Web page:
The controversy over the unanswered questions surrounding the assassination of Benazir Bhutto, the former Pakistani Prime Minister, has taken another twist after the country’s Interior Minister reportedly said he would reveal the identity of the killers in a forthcoming book.
Pakistani media reported that the famously outspoken Rehman Malik said he would name Bhutto’s Pakistani Taliban (TTP) assassins and provide other new details about her killing in a speech on Monday to members of the ruling Pakistan Peoples Party in Chitral. He said the information would be made public on 27 December, the fifth anniversary of her killing. He also claimed his counter-terrorism efforts had resulted in the fracturing of the TTP and said he would offer an amnesty to militants willing to give up violence.
“It is a fact that the majority of TTP activists are those who do it out of poverty and unemployment,” he said, according to the Dawn newspaper.
Bhutto, who twice served as Prime Minister, was killed in 2007 after returning to Pakistan following a decade in exile to launch a political comeback.
She was being driven away after campaigning in Rawalpindi, when a man fired three shots at her as she stood up through the sunroof of her vehicle. Then a large bomb exploded, killing 24 people.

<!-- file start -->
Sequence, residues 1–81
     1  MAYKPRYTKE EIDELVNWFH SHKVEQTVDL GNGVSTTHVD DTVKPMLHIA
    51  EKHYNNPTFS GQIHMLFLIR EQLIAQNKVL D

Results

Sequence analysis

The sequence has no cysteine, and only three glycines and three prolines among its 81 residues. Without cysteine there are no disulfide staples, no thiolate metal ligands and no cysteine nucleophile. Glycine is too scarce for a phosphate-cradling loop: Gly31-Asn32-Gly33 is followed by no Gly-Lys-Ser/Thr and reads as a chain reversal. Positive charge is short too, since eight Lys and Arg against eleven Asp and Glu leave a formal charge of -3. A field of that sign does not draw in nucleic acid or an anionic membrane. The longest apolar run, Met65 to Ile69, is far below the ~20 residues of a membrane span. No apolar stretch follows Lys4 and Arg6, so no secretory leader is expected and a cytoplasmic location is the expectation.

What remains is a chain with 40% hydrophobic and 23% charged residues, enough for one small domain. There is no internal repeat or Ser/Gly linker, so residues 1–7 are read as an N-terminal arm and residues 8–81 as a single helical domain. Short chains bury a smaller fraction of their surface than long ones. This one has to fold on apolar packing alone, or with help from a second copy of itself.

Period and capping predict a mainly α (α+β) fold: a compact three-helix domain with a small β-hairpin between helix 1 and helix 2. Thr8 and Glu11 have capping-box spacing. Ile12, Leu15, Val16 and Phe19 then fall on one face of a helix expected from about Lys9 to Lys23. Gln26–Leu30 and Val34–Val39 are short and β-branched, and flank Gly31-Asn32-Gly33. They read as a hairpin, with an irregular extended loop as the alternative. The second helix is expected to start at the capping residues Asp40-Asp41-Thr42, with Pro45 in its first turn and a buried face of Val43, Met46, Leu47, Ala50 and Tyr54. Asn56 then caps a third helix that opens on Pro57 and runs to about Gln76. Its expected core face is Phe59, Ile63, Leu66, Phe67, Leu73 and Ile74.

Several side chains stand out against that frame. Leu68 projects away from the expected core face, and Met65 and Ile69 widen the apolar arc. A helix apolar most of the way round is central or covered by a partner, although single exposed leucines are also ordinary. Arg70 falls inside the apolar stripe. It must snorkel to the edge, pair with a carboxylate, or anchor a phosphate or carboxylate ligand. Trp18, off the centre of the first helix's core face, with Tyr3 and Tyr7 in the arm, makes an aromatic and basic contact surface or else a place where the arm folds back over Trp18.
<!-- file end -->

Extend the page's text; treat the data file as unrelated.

The assassination of Bhutto, 54, has been surrounded by questions. In a book written by the former premier and published after her death, Bhutto raised concerns about figures within the security establishment, while her husband, Asif Ali Zardari, claimed that the President at the time, Pervez Musharraf, was behind the attack, something he always denied.
Two subsequent investigations – one by a UN team and another by Scotland Yard detectives – also found huge lapses in security and said her killing could have been avoided. The team of British detectives concluded it was more likely Bhutto died after hitting her head on the lever that controlled the sunroof than from gunshots. A post-mortem examination was never carried out.
In the absence of hard answers, conspiracy theories have filled the vacuum. In a recent essay in the London Review of Books, BBC journalist Owen Bennett-Jones, wrote: “Bhutto’s supporters want to establish that there was a sophisticated, officially sponsored conspiracy; the state prefers the idea of a crude but unpreventable attack by Islamic militants.”
Last night, Mr Malik was unavailable for comment and his office failed to respond to calls. However, he took to Twitter to claim he had been misquoted. The minister claimed he had not said he would reveal the identity of Bhutto’s assassins but that “more facts” about the case would be made public.
Rasul Bakhsh Rais, a Lahore-based political analyst, believes Mr Malik may have been making a “sales pitch” but is serious about revealing some details. He said: “What is not clear is to what extent this information will be new and how much it will be a revelation.”